Patients and their families often find that it is overwhelmingly challenging to cope with the symptoms of DSPS. Without a thorough understanding of the disorder, families, friends, employers and peers quickly grow weary of life-disrupting symptoms. Those closest to the patient may notice him or her withdrawing from society and sinking into a depressive state.
Most people do not understand that abnormal sleep hours may be inflexible and out of a person’s control. This lack of acceptance and understanding have the ability to seriously undermine employment, relationships, and self-esteem of a person suffering from DSPS. Other symptoms of DSPS include:
- Insomnia or excessive sleepiness
- Inability to fall asleep at the desired time
- Inability to wake up at the desired time
- This sleep pattern has been present for 3 months or more
- Lowered immune response
- Depression and anxiety disorders
- Weight gain or loss
Trying to cope with DSPS without treatment unsuccessfully try to force themselves to keep a normal schedule. This typically results in symptoms that can mimic depression, Attention Deficit Hyperactivity Disorder (ADHD), Chronic Fatigue Syndrome, fibromyalgia, anxiety or exhaustion. A patient complaining about not being able to fall asleep may be misdiagnosed with primary insomnia, and may be prescribed sleeping pills by a doctor.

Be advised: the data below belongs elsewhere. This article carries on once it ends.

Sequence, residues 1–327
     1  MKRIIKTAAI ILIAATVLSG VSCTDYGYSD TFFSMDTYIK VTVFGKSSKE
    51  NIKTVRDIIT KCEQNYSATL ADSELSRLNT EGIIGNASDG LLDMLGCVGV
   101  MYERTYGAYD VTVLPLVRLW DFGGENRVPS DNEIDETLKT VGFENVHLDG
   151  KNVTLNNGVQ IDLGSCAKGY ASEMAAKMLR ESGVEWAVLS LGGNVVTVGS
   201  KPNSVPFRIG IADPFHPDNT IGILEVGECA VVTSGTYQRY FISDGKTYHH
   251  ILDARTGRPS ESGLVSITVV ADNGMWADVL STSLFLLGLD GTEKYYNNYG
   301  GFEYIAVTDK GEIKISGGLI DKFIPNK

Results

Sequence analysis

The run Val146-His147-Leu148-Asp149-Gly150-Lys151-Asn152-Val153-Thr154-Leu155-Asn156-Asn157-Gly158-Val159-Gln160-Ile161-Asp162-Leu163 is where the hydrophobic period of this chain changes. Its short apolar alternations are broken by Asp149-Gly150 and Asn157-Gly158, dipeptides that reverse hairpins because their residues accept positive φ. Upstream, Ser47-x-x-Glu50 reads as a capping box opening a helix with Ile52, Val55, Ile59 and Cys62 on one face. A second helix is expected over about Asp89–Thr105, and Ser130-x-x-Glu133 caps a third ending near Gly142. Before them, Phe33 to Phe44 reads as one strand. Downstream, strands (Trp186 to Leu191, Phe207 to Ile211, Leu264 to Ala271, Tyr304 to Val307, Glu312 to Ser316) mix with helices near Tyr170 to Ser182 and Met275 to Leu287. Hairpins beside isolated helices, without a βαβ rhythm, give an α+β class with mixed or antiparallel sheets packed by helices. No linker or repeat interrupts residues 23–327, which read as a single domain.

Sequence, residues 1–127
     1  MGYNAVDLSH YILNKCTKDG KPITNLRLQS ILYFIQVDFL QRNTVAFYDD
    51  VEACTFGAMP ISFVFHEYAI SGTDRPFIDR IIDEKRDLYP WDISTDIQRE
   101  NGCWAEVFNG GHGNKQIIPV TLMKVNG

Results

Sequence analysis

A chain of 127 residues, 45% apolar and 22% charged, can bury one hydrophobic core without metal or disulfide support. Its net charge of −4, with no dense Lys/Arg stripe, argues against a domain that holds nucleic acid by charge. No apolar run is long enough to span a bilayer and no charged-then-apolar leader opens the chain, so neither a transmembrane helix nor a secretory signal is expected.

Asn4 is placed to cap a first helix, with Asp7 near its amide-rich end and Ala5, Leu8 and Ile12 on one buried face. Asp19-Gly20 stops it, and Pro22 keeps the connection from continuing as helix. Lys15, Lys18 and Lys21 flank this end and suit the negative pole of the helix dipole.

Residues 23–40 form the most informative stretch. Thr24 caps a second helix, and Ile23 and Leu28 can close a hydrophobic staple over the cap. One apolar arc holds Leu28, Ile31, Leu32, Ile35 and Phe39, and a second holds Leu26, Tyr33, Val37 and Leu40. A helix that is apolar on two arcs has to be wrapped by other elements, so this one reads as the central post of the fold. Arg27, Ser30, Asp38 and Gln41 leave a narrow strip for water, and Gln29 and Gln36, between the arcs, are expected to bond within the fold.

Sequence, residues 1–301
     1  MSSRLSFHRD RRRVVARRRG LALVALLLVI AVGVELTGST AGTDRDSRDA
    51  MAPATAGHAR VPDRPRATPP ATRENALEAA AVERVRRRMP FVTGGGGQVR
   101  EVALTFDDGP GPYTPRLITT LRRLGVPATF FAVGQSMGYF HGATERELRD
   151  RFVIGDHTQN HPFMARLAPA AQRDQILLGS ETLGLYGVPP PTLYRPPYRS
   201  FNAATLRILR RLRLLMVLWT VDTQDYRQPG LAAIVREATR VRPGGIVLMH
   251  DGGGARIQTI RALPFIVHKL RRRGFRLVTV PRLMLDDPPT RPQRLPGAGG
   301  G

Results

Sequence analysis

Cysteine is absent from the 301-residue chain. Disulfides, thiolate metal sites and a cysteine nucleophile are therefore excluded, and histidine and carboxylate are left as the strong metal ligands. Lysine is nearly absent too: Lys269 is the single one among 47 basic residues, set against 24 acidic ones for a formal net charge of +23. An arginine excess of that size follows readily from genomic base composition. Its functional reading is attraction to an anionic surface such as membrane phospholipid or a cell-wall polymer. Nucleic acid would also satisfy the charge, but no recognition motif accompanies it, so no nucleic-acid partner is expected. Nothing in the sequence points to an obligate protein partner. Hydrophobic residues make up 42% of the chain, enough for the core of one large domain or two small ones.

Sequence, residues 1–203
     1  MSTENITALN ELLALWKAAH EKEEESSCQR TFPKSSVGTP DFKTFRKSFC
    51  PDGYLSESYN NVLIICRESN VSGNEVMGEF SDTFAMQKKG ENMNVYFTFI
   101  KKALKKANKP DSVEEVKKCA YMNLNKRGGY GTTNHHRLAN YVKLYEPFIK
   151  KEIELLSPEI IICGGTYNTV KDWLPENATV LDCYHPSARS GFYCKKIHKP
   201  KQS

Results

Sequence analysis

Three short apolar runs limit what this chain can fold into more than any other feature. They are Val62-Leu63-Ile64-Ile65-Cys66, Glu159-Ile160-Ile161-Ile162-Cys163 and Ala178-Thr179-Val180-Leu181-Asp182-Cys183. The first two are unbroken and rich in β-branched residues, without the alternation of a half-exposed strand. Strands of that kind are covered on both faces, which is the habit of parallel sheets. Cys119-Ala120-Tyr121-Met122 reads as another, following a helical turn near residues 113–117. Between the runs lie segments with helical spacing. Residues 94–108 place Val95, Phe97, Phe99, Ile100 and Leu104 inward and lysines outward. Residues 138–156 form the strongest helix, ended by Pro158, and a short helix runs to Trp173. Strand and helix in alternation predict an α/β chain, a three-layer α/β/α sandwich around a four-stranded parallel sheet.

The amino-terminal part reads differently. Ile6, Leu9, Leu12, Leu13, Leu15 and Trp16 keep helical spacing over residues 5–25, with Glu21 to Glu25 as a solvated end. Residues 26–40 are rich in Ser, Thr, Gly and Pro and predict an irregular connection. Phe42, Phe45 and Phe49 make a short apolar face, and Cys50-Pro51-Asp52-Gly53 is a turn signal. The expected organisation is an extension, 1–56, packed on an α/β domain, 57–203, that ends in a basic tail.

A patient who often complains about being tired all the time may be misdiagnosed as suffering from depression, and prescribed antidepressant medication. The patient usually is suffering from depression, as a result of the underlying cause: DSPS. It is common for patients to feel that they wage an unending war with fatigue.